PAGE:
Have you been hearing teachers talk about the Playlists they are using in their classrooms? You may be thinking…. “Playlist? What is that?”. I wasn’t really sure either just a few months back but I was seeing it more and more so I was itching to find out what it was all about. Hailey Reinhardt (4th Grade Math Teacher at Leider Elementary in Cy-Fair ISD) was posting these so called playlists often so I reached out to find out more. She was so sweet and shared the one she was currently using. My team was so excited to dip our toes in and explore more about Playlist Based Learning.
Here it is in a nutshell. When you hear playlist you probably think about a music playlist on your phone. Usually our music playlists center around a certain genre or topic. We then choose which song we want to listen to first and move through the songs. “Hey Google. Play Christmas Music”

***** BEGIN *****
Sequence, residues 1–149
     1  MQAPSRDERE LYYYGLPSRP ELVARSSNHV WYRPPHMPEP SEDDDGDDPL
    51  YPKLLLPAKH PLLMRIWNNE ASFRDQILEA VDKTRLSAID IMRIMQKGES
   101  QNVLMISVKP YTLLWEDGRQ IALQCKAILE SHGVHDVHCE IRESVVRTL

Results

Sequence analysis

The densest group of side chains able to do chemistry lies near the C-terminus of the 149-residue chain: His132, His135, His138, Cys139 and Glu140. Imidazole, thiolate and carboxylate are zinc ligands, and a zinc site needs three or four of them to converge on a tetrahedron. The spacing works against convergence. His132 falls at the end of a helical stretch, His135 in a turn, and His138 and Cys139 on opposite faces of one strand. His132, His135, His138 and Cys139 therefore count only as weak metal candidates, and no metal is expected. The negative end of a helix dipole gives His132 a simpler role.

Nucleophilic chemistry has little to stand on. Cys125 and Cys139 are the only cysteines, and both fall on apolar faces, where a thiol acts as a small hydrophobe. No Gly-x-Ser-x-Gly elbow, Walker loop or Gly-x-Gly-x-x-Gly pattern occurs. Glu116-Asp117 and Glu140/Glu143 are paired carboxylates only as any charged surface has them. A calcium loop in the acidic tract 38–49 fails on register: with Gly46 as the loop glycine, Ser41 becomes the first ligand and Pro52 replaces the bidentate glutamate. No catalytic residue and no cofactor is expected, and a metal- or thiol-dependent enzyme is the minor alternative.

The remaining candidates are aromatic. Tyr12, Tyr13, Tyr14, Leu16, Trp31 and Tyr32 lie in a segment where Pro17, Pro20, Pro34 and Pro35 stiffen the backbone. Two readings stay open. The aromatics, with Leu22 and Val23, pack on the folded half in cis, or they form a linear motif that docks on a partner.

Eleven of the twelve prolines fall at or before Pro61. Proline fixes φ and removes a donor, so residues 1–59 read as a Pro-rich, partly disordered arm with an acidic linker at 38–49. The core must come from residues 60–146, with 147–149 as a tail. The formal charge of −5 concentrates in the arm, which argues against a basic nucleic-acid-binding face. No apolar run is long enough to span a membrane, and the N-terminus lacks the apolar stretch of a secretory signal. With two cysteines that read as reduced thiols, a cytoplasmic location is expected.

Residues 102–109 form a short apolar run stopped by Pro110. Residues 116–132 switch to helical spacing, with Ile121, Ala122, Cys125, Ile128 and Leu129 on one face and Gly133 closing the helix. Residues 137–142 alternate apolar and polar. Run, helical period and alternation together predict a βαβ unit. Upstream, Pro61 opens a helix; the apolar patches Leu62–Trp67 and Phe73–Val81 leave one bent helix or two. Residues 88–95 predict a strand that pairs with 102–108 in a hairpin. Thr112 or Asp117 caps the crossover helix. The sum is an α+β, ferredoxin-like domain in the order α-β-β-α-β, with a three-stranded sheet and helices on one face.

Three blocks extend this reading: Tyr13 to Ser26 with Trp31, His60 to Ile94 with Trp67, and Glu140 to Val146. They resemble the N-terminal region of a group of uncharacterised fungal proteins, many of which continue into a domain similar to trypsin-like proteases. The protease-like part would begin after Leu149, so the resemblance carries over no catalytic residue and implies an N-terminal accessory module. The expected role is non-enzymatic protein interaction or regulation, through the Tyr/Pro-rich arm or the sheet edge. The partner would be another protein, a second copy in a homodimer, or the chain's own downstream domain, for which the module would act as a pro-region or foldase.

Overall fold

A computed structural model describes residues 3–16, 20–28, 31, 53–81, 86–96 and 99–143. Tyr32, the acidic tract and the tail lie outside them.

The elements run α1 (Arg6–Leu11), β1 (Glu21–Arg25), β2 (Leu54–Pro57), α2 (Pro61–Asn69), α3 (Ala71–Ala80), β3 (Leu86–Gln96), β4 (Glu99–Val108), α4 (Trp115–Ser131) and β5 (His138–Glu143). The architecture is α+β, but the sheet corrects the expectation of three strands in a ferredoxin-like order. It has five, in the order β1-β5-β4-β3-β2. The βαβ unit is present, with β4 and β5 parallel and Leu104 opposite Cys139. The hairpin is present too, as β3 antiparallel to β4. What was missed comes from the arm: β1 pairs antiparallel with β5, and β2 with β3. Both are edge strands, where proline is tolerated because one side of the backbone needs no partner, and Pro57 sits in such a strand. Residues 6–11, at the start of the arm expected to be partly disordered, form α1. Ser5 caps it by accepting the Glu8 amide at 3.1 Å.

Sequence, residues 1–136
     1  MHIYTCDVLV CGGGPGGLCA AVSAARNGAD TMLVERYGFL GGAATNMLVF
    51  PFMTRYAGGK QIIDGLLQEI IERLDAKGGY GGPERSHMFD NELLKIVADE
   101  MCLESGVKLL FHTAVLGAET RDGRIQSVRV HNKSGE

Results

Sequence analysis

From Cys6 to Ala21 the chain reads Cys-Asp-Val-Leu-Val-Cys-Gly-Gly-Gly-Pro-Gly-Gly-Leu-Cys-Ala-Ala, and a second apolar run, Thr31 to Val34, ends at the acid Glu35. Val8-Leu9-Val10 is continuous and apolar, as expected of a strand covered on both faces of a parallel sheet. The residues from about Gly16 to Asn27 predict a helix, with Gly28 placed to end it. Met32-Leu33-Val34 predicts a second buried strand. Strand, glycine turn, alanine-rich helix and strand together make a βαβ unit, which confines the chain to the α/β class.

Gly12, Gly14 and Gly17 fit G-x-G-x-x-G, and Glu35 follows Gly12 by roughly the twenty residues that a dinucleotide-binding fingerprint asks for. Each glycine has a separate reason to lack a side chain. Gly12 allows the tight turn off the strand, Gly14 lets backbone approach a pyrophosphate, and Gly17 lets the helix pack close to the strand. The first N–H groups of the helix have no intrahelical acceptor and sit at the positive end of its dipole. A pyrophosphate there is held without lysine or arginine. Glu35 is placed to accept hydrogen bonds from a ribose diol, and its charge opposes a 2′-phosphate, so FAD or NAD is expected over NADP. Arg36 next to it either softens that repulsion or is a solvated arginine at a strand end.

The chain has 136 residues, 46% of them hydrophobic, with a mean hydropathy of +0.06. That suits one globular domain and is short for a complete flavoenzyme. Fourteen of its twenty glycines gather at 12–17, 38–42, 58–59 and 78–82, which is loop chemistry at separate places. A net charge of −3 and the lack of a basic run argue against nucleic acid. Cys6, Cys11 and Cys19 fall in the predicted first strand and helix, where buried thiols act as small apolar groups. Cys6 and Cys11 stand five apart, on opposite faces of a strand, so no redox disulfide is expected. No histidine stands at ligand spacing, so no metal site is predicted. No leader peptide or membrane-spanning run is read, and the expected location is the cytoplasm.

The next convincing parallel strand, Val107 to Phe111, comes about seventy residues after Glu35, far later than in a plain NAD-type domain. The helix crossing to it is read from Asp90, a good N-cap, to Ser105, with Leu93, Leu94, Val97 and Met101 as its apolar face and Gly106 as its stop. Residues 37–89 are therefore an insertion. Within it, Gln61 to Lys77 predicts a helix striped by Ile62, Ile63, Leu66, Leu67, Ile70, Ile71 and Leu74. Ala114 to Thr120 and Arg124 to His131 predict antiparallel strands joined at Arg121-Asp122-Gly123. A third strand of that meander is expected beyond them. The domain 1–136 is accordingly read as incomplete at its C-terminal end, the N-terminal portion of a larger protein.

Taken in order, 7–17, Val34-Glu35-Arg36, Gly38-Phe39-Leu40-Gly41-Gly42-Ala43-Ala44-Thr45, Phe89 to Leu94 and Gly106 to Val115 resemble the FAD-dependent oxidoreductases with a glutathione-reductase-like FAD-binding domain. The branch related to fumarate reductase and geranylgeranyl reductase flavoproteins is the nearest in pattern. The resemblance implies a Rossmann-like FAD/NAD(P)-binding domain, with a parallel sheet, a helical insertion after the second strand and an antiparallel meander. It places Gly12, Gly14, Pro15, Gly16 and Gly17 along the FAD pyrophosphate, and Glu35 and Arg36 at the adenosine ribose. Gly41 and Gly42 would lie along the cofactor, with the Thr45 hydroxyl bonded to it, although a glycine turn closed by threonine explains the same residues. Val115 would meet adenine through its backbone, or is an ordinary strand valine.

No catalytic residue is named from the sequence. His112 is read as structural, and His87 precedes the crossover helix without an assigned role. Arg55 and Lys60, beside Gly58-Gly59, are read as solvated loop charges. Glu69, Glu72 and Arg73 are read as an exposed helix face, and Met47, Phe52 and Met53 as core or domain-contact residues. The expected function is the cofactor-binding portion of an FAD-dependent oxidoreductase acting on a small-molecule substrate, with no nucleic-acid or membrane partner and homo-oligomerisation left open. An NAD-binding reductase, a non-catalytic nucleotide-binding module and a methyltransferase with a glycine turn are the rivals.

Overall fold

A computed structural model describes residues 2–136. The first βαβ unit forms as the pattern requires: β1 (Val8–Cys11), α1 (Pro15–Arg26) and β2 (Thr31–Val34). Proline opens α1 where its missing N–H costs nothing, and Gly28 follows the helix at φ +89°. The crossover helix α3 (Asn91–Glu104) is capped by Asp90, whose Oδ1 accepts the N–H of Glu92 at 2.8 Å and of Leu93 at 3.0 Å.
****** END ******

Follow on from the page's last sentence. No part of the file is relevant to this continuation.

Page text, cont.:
A Playlist is just this. It centers around the topics and content you are covering in class while offering choice and differentiation for your students. Let’s be honest. The first day I tried a playlist it was a big ol’ mess. I didn’t really know what I was doing, so neither did my students. But let me tell you…. a couple months in and my little loves are ROCKSTARS with their playlists. Let’s dive into what a playlist is and its purpose. Then I’ll share some success I’ve seen with it over the past couple of months.
A playlist offers Students choice in the activities that they complete. It is also multi purposeful in that it also serves as a tracking tool which helps students learn to self manage their tasks and to prioritize. Many of my students are itching to know what we are doing in class the second they walk in. With a playlist up, they can see right away what we have planned for the day. There’s just something about being in the know that really sets the tone in the classroom. They are immediately engaged when they walk in and see a playlist on the board. They are eager to get started.